Dance, even if you have nowhere to do it but the living room in your fortified compound.
Today's post is a continuation of the series "Most Balkan Popular Folk Dances on Zoom."
Usually for dances to be popular on Zoom, the footwork has to be adapted to fit in a smaller space because most people dance in their living rooms. Living rooms are not the only place where I've seen dancers: they also perform in kitchens and garages. One woman I saw had a really small kitchen and she did the fast Romanian dance Vulpita. She compressed it to fit in the space.
The series continues. I've spent a good part of the summer participating in Zoom dances. There is usually at least one for every day of the week. Most take place in the evening, and the ones that work best for me are on the East Coast. I usually stay at the dance meetings until about 10 p.m. or so. When we danced in person that was the time the dances ended.
Video #1 is Dedo Mili Dedo (the song for this is also known as Dedo Mili Zlatni). There is no English translation but from what I got from Google Translate the song describes an elderly couple going about their daily routine (Dedo means grandpa in Macedonian). The group in the video is the Bonding Folkdance Dance Class from Taiwan. They have many videos on YouTube. I wonder if they have resumed in person dancing in Taiwan yet. Their Covid stats are very low. I'm sure these days if they do get together they dance in small groups and wear masks.
There is no way we could do that in the United States; the numbers are too high.
The dance Lesi is also very popular on Zoom. The song for it also appears in the film Kapetan Lesi from the year 1960. According to the YouTube comments, the song was created in 1930 by the Albanian composer Tish Daija and originally titled Po Vijne Krushqit Maleve.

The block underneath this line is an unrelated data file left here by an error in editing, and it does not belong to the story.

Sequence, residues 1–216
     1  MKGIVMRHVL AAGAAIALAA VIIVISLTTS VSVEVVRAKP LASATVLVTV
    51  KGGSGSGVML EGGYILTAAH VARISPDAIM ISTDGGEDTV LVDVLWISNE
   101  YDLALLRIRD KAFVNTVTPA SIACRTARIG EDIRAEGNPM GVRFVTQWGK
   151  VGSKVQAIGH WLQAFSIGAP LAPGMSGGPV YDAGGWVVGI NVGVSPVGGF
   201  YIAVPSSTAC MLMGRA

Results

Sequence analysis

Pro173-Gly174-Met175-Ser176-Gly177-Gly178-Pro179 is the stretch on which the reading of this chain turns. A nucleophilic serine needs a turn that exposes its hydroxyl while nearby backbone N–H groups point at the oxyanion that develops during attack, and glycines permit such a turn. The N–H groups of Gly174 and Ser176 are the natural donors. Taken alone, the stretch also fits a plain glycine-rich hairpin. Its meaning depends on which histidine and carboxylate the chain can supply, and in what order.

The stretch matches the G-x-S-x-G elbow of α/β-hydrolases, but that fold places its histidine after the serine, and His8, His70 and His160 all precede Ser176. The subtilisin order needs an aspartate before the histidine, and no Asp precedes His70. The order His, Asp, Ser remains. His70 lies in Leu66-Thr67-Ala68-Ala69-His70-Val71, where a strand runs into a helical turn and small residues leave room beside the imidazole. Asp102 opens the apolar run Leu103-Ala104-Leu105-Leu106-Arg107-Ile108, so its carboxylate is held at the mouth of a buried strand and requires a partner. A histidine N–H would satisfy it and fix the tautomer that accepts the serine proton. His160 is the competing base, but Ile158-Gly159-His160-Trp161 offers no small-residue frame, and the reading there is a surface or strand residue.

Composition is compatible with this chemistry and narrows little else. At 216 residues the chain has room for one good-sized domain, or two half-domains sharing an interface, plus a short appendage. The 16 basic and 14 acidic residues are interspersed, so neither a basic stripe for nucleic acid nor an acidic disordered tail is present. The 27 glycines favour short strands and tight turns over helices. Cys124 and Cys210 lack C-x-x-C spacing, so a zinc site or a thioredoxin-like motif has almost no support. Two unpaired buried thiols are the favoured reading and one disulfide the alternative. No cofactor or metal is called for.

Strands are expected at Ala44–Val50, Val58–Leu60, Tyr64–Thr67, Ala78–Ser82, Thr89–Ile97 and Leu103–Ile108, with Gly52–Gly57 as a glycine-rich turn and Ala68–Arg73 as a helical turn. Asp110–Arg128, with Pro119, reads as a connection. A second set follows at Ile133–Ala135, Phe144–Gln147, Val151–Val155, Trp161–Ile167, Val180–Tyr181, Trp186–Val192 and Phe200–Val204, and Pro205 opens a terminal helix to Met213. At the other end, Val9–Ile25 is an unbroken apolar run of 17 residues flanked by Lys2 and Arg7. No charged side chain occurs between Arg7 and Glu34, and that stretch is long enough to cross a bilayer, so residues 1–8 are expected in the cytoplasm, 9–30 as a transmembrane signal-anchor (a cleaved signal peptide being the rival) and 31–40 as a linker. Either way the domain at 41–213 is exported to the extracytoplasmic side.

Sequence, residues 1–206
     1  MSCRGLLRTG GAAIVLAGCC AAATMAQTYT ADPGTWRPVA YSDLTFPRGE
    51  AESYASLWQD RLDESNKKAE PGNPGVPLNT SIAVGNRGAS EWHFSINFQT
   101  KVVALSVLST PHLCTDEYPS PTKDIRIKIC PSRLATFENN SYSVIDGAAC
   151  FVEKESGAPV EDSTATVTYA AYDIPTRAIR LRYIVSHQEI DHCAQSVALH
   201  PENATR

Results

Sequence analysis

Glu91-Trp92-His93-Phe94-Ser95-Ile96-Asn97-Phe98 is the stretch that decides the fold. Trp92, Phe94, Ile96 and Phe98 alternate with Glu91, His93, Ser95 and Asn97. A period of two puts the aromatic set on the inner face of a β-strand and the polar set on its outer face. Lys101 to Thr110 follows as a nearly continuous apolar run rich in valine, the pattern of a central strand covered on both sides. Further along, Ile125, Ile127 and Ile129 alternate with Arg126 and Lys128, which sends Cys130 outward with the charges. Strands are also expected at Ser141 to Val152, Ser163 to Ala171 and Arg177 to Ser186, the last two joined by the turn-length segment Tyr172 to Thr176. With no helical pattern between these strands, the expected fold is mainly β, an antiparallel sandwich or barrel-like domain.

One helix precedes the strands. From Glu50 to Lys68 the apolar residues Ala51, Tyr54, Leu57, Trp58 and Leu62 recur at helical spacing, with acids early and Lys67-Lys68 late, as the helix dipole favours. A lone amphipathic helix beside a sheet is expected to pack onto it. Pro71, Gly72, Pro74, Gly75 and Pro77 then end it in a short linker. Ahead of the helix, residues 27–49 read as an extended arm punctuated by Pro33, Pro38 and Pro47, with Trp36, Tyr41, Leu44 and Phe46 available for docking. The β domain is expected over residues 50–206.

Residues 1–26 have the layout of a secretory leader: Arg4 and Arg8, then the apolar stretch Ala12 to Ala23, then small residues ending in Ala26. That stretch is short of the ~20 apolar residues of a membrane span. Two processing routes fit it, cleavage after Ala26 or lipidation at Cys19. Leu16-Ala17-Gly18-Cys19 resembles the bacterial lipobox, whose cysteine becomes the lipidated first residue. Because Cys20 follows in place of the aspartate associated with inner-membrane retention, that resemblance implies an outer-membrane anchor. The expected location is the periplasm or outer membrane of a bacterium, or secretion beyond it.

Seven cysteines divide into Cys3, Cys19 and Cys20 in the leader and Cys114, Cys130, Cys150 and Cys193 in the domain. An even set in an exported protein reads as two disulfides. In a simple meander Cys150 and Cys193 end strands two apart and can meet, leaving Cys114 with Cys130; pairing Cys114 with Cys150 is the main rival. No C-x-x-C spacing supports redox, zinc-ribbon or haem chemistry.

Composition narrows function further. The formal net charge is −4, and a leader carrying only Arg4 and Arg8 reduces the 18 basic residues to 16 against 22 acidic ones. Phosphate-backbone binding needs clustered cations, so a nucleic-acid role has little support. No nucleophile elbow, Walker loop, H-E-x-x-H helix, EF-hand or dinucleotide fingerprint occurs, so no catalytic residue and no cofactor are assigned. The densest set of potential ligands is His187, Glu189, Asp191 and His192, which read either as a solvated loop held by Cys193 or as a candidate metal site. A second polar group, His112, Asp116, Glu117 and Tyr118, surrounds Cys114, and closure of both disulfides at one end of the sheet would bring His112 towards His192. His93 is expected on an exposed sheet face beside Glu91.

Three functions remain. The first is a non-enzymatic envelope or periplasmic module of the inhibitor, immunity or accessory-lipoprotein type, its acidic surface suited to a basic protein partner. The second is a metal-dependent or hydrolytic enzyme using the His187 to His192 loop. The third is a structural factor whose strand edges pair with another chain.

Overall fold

Corlu Aroman is a dance from Dobrogea, in Romania. According to the notes, the dance is from the Macedonian ethnic group in Romania. Corlu is another name for hora; Aroman is another name for people of Romanian origin who live outside Romania. They settled in a number of Balkan countries: Bulgaria, Serbia, Macedonia, and Greece among others. They are also known as Vlachs and speak a language related to Romanian.
The article in the link mentions "not to be confused with Armenians or Romanians." Readers of my blog know how I like to write about confusion: are you confused yet?
The music sounds neither Macedonian nor Romanian, except for the gaida (bagpipe) in the introduction.
If you enjoyed this you may also like:
Most Popular Balkan Dances on Zoom: Part Three (links to the others in the series)
Vlach Dances From Bulgaria and Serbia
Age is an Issue of Mind over Matter: Old People in Balkan Folk Songs
Dances from Oltenia: Part Two
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